In addition to the well planned and comprehension curriculum delivered by our outstanding teaching staff, our TAs and specialist teachers deliver the following learning experiences: Forest Schools, Tennis coaching, Specialist Sports Coaching, Trumpet and Clarinet lessons and gardening. All children have swimming lessons twice a year in our newly improved swimming pool.
The teaching of reading
We aim to foster a love of books in all our children so that they become readers for life. Children are taught to read by a variety of methods including phonics, learning key words and using meaning. Their progress is carefully monitored and a wide range of books (fiction and non-fiction) make up our guided and individual reading schemes.
At Goldsworth, we follow the Jolly Phonics scheme initially, teaching children sounds and letters, then adapt planning from the Phonics Play scheme, combining with other useful resources such as ‘Letters and Sounds’ or ‘Pips’ to meet the needs of our children. The teaching of phonics is organised into groups depending on children’s prior knowledge and progress through letters and sounds. These groups run 3 times a week, for 20 minutes and continue into Years 3 and 4 if necessary.
At Goldsworth, we value guided reading as a means of improving reading skills, comprehension skills and group discussion. All children read as part of a group twice a week, usually outside of the hour’s literacy lesson. The questions that adults ask during guided reading cover the range of Assessment Foci (AF) during the course of several sessions. Children are given the opportunity to discuss these questions as part of the guided reading group.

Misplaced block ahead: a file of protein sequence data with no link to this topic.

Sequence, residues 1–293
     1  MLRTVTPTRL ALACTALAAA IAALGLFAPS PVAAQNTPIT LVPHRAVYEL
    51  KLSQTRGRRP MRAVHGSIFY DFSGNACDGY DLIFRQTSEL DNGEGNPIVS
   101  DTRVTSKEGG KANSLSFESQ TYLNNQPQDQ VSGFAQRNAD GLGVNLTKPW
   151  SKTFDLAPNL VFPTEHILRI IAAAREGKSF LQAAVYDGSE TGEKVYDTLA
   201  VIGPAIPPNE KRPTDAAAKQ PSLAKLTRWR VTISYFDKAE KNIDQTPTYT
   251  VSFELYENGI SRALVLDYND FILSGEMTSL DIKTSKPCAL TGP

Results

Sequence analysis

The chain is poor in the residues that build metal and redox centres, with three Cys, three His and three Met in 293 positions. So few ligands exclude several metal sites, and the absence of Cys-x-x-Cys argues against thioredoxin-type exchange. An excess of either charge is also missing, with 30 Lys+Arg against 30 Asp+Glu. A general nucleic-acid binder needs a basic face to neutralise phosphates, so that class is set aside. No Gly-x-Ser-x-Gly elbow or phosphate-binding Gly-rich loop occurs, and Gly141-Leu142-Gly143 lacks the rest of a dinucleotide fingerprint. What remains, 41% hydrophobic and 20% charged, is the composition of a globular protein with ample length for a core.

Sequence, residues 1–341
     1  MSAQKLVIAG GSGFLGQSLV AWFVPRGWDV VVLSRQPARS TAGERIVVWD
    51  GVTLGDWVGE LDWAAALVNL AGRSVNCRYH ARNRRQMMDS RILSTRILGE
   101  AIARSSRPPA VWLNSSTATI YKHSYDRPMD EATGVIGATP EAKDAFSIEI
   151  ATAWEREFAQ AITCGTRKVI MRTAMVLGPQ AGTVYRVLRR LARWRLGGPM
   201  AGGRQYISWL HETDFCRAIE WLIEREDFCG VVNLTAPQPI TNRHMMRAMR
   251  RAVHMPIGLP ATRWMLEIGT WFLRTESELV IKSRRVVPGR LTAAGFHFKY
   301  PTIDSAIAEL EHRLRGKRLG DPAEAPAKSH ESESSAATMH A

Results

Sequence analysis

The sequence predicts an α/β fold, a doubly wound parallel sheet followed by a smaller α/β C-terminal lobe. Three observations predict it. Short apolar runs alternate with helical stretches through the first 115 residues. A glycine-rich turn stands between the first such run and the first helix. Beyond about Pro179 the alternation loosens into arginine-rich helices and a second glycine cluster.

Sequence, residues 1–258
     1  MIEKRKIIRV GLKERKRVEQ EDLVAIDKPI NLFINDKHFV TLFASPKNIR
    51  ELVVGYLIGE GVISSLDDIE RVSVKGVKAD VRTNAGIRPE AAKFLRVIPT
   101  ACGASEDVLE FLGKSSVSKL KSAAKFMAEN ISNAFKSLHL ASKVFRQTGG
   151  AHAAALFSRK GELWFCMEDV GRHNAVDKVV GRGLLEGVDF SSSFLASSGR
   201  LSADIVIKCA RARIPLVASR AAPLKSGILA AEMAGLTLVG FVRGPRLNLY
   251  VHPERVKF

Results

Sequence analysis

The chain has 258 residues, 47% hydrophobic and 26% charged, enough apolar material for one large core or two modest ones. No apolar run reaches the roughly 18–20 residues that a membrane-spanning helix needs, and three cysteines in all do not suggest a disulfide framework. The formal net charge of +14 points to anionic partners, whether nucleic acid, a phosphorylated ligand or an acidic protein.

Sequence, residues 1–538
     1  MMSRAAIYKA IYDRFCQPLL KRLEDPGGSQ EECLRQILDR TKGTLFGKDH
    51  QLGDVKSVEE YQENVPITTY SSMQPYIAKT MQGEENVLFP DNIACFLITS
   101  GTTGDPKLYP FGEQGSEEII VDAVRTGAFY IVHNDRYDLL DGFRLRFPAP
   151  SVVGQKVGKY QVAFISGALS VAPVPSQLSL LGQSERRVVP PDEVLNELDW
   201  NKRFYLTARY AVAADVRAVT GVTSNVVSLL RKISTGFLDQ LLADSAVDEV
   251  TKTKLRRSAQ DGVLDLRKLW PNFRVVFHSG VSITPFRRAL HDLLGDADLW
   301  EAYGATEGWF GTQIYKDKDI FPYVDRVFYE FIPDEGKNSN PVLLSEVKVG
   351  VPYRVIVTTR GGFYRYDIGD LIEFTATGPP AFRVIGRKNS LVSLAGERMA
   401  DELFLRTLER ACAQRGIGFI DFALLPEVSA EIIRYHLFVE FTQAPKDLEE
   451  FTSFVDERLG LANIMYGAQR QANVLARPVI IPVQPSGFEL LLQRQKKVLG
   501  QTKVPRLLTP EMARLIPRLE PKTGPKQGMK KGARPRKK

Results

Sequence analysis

Help and support
All children receive quality first literacy teaching on a daily basis and activities are differentiated accordingly. In addition, where identified pupils are considered to require targeted support to enable them to work towards age appropriate objectives, intervention programmes will be implemented. Some children are able to have the benefit of 1:1 sessions delivered by our Reading Recovery Teacher. A ‘second wave’ of support is provided through the ECAR project in year 1, where we have two TAs trained to deliver the programme and a ‘third wave’ through the delivery of the ELS programme in KS1 and an ALS programme in lower KS2 if they are necessary. The Better Reading partnership enables teaching assistants and volunteers, who have had half a days’ training, to help children read better throughout the school. These children are listened to read on a 1:1 basis three times a week.
We are very lucky to have a well resourced and efficiently run library for the Junior children at Goldsworth. The borrowing section of our library is electronically logged and children can scan out their own books. We also have an extensive reference section of the library which children can use for independent research during or outside of lesson time. Our librarian helps children select books and fosters a love of books within children at the school.